American Society of Naturalists

A membership society whose goal is to advance and to diffuse knowledge of organic evolution and other broad biological principles so as to enhance the conceptual unification of the biological sciences.

“Ant collective behavior is heritable and shaped by selection”

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Justin T. Walsh, Simon Garnier, and Timothy A. Linksvayer (Nov 2020)

Researchers estimate the degree to which variation in collective behavior is heritable and has fitness consequences in ants

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Variation in ant collective behavior is heritable and affects the success of colonies

Collective behavior is ubiquitous in nature. Examples include flocks of birds, schools of fish, and nest building in social insects. A growing body of research finds that groups vary in their collective behavior; however, much less is known about how collective behavior evolves, including whether it is heritable or if it affects the success of groups. In a new paper published in the The American Naturalist, researchers at the University of Pennsylvania (Justin Walsh and Timothy Linksvayer) and the New Jersey Institute of Technology (Simon Garnier), demonstrate that behavioral variation between pharaoh ant colonies is heritable—that offspring colonies exhibit similar behavioral levels to their parental colonies—and that colony behavioral variation is linked to variation in colony success.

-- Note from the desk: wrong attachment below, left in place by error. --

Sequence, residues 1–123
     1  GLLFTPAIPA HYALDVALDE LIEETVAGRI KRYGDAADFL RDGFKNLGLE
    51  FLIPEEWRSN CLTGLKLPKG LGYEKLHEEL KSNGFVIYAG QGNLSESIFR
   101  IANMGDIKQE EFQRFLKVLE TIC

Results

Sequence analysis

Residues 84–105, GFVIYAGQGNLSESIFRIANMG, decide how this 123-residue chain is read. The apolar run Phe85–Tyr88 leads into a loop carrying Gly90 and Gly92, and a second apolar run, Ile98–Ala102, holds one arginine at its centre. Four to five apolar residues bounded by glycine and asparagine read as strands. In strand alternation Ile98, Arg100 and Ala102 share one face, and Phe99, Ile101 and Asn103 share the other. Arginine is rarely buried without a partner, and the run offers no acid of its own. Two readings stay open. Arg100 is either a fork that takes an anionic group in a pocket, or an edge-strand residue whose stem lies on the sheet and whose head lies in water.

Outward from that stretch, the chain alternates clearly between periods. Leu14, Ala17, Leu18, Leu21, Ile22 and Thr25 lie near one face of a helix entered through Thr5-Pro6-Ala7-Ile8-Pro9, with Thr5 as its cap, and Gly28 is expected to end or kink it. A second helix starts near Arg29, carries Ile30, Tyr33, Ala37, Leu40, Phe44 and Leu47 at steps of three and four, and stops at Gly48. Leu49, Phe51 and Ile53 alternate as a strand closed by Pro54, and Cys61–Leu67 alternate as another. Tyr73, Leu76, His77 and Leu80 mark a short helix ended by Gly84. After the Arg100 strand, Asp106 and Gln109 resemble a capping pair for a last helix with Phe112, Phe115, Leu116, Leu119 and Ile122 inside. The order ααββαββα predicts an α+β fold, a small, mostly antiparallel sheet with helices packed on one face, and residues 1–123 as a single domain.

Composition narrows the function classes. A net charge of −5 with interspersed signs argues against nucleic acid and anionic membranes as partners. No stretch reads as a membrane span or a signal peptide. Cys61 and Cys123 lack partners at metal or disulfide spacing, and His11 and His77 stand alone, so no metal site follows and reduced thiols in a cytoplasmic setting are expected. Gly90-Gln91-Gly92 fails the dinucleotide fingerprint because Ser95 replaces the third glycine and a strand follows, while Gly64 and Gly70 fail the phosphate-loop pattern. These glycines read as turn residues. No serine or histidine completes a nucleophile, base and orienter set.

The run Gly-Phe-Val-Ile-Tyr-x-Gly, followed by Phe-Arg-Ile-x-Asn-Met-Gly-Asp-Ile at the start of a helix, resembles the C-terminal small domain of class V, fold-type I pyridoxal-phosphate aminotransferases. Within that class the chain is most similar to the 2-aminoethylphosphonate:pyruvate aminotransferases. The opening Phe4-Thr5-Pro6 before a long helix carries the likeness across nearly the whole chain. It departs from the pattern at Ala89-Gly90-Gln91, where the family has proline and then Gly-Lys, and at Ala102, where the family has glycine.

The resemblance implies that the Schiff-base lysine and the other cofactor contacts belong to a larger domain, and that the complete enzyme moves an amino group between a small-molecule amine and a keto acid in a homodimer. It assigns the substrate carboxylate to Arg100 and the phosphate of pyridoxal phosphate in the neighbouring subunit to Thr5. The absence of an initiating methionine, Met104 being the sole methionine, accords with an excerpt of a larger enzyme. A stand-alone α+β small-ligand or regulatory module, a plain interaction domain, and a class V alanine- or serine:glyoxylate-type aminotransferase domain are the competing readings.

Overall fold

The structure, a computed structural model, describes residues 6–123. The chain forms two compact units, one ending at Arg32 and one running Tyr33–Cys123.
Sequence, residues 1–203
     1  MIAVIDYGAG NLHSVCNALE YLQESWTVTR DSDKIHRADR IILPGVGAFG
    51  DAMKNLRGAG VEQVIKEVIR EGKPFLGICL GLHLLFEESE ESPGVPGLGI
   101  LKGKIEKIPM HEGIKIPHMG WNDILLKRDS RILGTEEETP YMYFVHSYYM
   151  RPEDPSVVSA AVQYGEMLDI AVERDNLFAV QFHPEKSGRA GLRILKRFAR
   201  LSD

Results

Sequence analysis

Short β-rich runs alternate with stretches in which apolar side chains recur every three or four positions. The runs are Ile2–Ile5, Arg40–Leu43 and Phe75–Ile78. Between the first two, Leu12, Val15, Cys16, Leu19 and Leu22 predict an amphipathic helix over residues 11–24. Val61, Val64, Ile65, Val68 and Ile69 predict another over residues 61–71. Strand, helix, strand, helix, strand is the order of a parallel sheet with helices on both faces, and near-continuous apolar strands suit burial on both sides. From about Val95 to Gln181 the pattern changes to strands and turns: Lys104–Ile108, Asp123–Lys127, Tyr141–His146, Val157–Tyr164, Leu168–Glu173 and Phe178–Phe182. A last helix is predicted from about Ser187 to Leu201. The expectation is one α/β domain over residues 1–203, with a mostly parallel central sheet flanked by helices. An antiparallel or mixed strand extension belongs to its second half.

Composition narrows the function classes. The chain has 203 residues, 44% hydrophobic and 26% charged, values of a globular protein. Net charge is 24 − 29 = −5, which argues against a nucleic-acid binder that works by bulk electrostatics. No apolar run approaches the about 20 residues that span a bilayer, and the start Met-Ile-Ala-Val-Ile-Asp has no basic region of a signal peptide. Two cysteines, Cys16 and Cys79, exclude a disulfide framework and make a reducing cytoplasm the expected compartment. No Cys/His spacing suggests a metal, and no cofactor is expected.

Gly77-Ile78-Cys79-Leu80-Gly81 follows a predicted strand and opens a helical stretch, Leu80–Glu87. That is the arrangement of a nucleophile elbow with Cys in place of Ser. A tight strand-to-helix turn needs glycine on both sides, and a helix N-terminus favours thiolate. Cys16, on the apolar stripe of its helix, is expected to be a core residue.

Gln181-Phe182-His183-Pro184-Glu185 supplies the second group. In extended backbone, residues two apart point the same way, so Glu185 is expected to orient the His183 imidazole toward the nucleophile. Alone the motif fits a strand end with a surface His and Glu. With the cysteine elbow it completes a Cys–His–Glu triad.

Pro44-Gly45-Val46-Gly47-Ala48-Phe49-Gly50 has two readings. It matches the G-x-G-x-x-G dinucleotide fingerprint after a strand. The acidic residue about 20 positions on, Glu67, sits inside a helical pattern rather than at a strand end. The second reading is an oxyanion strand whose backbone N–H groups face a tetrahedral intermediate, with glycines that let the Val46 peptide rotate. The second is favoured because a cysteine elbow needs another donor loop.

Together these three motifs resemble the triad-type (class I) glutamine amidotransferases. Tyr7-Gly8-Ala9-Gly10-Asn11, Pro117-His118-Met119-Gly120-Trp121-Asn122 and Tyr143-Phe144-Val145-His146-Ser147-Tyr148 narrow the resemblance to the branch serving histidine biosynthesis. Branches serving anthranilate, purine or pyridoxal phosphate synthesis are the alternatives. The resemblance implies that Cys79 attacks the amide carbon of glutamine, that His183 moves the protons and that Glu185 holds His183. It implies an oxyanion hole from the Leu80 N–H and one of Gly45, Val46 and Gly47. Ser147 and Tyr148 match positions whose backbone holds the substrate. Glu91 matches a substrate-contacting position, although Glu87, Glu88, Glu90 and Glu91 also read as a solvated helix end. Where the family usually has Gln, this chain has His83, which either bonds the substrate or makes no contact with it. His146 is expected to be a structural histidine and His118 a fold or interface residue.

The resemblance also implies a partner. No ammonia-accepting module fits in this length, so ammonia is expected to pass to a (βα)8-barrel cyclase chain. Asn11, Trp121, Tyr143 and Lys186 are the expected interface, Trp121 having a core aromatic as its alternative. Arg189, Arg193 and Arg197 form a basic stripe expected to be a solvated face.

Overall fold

Walsh and coauthors design behavioral assays to measure foraging, aggression, and exploration of pharaoh ant colonies from a pedigreed laboratory population. In addition to collective behaviors, the authors also quantify the body size of colony members and numerous measures of colony productivity such as the production of new workers and queens. They use these colony productivity measures to show that variation in collective behavior is linked to the success of colonies, as colonies with higher foraging levels produce both more new workers and more new reproductives (queens and males). Overall, these results shed light on the genetic basis and evolution of collective behavior.


Collective behaviors are widespread in nature and usually assumed to be strongly shaped by natural selection. However, the degree to which variation in collective behavior is heritable and has fitness consequences—the two prerequisites for evolution by natural selection—is largely unknown. We used a new pharaoh ant (Monomorium pharaonis) mapping population to estimate the heritability, genetic correlations, and fitness consequences of three collective behaviors (foraging, aggression, and exploration) as well as body size, sex ratio, and caste ratio. Heritability estimates for the collective behaviors were moderate, ranging from 0.17 to 0.32, but lower than our estimates for the heritability of caste ratio, sex ratio, and the body size of new workers, queens, and males. Moreover, variation among colonies in collective behaviors was phenotypically correlated, suggesting that selection may shape multiple colony collective behaviors simultaneously. Finally, we found evidence for directional selection that was similar in strength to estimates of selection in natural populations. Altogether, our study begins to elucidate the genetic architecture of collective behavior and is one of the first studies to demonstrate that it is shaped by selection.